Despite Twitter’s renewed mainstream attention stemming from President Trump’s tweets and Kanye’s tweets, Twitter has been working to get more people to join and use the platform every day. Instead of just relying on the presence of popular tweets, the company’s product and design team has been testing new features that could help more people understand and be willing to participate in conversations on Twitter.
While Twitter executives have preached live and video over the past few years, Twitter’s words of the moment are conversation and health. And with that new focus comes a willingness to not just tack on more features but also redesign elements of the core Twitter experience like replies to tweets. The new features — still being tested — include every user having a status, an indicator of who’s online and a redesign of threads with color-coded replies. Twitter has been testing some of these elements since the summer, as previously reported, but recently, directors at Twitter have made themselves available to talk about the purpose of the test. The hope, they said, is to add more context to conversations.
“You can be at a party and have a big conversation and have a good time or you can have an intimate conversation,” said Mike Kruzeniski, design director at Twitter. “It’s not a choice of breadth or depth. It’s that both are hard [on Twitter] now. We want you to have light, lively conversation or deep if that’s what you want. For the brand, it’s what conversation do you want to spend time on.”
While Facebook has been in the spotlight on disinformation, Twitter has not escaped unscathed, and top executives have acknowledged the difficulty of having a platform dedicated to open “conversation” and guarding against it become a cesspool of racism, sexism, bullying and all manner of negative behavior.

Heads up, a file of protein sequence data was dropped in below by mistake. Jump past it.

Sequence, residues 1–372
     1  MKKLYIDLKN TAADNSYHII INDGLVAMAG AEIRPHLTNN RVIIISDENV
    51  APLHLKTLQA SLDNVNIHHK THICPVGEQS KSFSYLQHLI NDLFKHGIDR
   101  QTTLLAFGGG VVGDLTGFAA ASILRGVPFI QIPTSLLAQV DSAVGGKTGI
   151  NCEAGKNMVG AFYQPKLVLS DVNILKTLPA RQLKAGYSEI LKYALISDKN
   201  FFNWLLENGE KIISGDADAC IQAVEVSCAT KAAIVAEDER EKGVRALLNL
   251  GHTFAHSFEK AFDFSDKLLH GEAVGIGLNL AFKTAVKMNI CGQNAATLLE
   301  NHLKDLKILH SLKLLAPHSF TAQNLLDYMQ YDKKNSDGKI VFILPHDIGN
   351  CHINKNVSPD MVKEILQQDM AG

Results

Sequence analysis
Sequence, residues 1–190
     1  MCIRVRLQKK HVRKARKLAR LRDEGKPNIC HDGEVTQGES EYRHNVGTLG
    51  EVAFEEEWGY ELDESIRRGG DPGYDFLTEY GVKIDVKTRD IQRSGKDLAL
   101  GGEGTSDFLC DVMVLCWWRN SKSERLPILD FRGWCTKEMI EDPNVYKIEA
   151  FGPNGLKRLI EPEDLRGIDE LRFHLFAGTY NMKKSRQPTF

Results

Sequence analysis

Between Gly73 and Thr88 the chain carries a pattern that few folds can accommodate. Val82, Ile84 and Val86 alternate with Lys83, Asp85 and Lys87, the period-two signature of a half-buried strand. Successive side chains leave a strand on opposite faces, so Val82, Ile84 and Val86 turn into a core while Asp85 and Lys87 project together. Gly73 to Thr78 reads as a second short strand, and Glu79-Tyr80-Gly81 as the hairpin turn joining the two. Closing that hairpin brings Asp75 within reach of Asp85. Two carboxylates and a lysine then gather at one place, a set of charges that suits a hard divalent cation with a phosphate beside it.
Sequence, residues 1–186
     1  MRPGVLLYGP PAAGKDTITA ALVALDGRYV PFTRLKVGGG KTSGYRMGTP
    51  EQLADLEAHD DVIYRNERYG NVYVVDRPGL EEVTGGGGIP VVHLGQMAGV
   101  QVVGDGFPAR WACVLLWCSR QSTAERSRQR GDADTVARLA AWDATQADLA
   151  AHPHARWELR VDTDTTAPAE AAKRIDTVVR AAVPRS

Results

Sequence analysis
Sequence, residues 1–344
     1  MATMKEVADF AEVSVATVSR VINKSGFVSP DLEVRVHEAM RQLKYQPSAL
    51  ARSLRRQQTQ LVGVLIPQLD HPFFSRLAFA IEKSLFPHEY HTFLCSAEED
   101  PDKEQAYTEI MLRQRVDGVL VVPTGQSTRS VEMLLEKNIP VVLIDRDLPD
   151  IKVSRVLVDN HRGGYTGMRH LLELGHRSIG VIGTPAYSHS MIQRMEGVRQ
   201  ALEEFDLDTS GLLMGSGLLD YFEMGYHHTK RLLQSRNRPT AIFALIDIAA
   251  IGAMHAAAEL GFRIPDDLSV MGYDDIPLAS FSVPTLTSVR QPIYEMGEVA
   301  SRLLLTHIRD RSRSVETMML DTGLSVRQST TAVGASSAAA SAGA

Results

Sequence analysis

Twitter’s CEO recently said the platform should “increase the health of public conversation.”
But Twitter is looking for other ways to increase overall conversation (and time on the platform, which drives its advertising business). One feature currently being tested allows Twitter users to create a status. Twitter users could share a description of where they are or recent news about them, not unlike statuses on Slack or the old AIM away messages. Kruzeniski said this feature was in part inspired by seeing users change their display names to say they’re at a conference, for example. A version of this feature is currently available to political candidates, allowing them to show what office they’re running for and in what district.
A status could be useful for any Twitter user and for brands to understand where people are when they tweet rather than just guessing. Kruzeniski said his team is considering whether to keep statuses associated with tweets sent during that time or to let them disappear.
Twitter is also testing an icon that would show if a user someone follows is online, which also could be aggregated as a list of “who’s online” at the top of a user’s timeline. The feature would be opt-in, said Sara Haider, Twitter’s director of product management.
Twitter is also working on a redesign of replies. If a Twitter user is looking at a threaded conversation and people they follow reply, those replies would be in green. A Twitter user’s own tweets would be in blue. The redesign also would allow users to swipe away or collapse certain parts of the conversation so it’s easier to digest. Haider said the purpose is to help people better manage the conversation they start and be willing to participate in or at least better understand others’.
Twitter is experimenting internally with some features to make conversations more approachable, including color-coding (you’re blue, people you follow are green) and indented threads. #FCFestival pic.twitter.com/KpqaFMD4K9
— Harry McCracken (@harrymccracken) October 22, 2018
Haider referenced several popular Twitter threads that could benefit from the redesign. For example, a man recently found a wedding ring in Nottingham and tweeted about in an attempt to find the owner. Looking through the replies, it’s quite difficult to understand what advice he had received.